Join us for a virtual event with author Joseph Fink!
Preorder a copy of The Halloween Moon from Gibson's Bookstore and get a complimentary ticket to join our virtual event with author Joseph Fink on Tuesday, July 27th at 8pm ET!
The Halloween Moon (Hardcover)
From New York Times bestselling adult author Joseph Fink comes a wickedly fun middle grade novel about a Halloween-obsessed girl named Esther Gold, who goes out trick-or-treating for one last year, only to find her town under the thrall of a mysterious presence.
Esther Gold loves Halloween more than anything in the world. So she is determined to go trick-or-treating again this year despite the fact that her parents think she is officially too old. Esther has it all planned out, from her costume to her candy-collecting strategy. But when the night rolls around, something feels . . . off.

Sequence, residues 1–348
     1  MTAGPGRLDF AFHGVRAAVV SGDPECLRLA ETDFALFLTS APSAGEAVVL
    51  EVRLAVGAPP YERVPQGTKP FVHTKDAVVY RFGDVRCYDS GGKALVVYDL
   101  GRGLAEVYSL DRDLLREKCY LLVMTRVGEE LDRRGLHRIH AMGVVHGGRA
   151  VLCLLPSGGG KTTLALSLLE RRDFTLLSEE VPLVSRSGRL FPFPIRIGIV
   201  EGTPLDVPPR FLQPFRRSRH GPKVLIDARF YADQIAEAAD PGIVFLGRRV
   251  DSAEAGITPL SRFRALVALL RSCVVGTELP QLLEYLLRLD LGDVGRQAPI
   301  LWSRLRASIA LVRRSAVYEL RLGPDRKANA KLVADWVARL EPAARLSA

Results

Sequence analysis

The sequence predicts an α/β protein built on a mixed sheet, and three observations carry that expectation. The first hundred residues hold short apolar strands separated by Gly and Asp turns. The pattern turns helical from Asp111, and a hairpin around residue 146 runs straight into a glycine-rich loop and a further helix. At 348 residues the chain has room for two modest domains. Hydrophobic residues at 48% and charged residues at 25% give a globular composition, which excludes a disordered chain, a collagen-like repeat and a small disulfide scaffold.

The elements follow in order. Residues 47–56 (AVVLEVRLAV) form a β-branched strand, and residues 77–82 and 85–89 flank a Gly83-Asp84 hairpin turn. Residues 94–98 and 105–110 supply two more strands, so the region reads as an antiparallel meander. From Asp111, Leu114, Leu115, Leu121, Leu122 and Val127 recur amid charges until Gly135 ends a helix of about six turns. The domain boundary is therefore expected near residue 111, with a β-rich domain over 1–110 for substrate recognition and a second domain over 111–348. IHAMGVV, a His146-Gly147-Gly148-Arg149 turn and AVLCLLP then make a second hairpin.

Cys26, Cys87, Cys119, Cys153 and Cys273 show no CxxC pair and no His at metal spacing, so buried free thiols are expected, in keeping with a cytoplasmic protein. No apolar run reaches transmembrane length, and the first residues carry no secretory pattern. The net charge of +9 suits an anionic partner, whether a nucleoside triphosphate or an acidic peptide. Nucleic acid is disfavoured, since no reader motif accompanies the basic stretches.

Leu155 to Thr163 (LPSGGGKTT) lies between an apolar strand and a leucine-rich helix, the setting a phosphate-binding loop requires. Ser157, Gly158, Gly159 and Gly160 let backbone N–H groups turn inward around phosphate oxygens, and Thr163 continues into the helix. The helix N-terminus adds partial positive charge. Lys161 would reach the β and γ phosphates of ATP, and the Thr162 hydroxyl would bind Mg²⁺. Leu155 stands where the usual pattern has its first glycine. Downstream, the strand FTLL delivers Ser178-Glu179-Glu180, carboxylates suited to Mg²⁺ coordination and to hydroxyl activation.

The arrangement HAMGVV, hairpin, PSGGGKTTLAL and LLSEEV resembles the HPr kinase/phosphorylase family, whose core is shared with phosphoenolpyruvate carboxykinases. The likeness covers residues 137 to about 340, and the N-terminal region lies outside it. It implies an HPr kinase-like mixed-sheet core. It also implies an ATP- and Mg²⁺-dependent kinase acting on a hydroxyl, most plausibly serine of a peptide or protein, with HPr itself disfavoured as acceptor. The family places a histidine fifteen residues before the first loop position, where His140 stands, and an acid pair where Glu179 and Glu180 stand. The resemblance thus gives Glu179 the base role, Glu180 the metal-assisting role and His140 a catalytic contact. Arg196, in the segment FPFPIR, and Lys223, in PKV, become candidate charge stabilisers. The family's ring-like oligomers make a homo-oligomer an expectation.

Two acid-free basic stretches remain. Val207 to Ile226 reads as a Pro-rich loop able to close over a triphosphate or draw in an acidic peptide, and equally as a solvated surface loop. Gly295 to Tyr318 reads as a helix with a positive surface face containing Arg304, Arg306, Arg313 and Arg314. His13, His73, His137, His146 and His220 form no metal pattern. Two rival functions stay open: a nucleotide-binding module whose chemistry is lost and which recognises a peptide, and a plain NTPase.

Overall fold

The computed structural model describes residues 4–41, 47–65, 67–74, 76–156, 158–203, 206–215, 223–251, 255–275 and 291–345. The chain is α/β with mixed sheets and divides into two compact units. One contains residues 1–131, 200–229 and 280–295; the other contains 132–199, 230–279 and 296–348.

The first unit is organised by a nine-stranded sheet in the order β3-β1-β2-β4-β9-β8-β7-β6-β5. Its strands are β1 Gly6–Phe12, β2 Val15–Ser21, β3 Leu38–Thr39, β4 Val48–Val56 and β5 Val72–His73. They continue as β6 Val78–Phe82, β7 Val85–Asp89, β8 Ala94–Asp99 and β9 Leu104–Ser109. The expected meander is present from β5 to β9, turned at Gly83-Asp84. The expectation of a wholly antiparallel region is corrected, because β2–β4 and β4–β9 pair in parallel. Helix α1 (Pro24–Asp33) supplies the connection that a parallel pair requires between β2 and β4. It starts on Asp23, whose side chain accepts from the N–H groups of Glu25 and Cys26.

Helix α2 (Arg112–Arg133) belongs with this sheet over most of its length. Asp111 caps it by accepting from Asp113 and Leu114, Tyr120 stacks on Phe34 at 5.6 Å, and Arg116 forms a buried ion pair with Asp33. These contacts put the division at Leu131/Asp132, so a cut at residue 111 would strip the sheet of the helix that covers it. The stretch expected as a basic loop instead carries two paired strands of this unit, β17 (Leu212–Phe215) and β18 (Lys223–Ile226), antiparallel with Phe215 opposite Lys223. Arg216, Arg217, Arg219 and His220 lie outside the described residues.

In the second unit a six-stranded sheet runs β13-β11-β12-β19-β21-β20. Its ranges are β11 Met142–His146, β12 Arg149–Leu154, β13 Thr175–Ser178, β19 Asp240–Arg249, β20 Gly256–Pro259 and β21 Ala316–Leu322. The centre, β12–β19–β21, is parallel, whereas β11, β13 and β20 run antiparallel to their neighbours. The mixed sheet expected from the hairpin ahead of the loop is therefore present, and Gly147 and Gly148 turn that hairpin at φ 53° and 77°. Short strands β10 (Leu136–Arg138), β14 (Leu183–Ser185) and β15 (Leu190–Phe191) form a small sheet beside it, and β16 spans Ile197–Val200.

No one is answering their door. The moon is an unnatural shade of orange. Strange children wander the streets, wearing creepy costumes that might not be costumes at all. And it seems like the only people besides Esther who are awake to see it all are her best friend, her school bully, and her grown-up next-door neighbor.
Together, this unlikely crew must find a way to lift the curse that has been placed upon their small town before it’s too late. Because someone is out to make sure Halloween never comes to an end. And even Esther doesn’t want to be trapped in this night forever.
About the Author
Joseph Fink is the creator of the Welcome to Night Vale and Alice Isn't Dead podcasts, and the New York Times bestselling author of Welcome to Night Vale, It Devours!, and The Faceless Old Woman Who Secretly Lives in Your Home (all written with Jeffrey Cranor), and Alice Isn’t Dead. He is also the author of the middle-grade novel, The Halloween Moon. He and his wife, Meg Bashwiner, have written the memoir The First Ten Years. They live together in the Hudson River Valley.
“Kids captivated by Katherine Arden's Small Spaces will find a similar blend of chilling tales, hair-raising adventures, and deeper themes here.”
— Kirkus Reviews